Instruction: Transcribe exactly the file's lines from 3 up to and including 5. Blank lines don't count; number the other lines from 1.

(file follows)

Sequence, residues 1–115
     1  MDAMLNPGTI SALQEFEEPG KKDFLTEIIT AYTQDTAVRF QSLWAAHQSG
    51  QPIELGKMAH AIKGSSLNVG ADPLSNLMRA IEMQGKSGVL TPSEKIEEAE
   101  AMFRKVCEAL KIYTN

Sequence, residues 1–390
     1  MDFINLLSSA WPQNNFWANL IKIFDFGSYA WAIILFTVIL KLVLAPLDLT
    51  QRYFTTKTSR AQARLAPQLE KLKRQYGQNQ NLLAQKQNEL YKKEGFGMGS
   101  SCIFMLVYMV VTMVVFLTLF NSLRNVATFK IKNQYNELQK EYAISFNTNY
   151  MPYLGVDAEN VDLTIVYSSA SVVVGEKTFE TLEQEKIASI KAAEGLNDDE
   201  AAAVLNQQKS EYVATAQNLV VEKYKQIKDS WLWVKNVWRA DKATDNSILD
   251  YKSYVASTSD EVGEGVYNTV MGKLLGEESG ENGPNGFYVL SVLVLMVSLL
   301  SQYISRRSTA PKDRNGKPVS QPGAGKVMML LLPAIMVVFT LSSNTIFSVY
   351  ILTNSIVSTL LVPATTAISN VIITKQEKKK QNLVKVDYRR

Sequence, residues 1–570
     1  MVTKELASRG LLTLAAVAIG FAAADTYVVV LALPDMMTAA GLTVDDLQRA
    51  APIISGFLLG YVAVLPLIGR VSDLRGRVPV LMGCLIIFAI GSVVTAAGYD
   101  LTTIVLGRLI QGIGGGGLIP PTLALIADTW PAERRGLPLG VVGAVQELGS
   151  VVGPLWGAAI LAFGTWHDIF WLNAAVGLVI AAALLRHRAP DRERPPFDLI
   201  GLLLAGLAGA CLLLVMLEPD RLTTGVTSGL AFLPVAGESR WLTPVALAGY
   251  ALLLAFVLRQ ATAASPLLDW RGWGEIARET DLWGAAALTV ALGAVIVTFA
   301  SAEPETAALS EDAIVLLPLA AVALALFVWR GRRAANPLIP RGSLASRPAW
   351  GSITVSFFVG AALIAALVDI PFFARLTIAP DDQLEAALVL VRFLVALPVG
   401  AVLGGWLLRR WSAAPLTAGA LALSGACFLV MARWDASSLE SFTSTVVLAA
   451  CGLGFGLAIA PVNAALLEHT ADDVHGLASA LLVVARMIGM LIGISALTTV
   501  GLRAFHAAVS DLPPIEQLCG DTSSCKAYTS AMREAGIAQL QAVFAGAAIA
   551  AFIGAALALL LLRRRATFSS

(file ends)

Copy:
    51  QPIELGKMAH AIKGSSLNVG ADPLSNLMRA IEMQGKSGVL TPSEKIEEAE
   101  AMFRKVCEAL KIYTN

Sequence, residues 1–390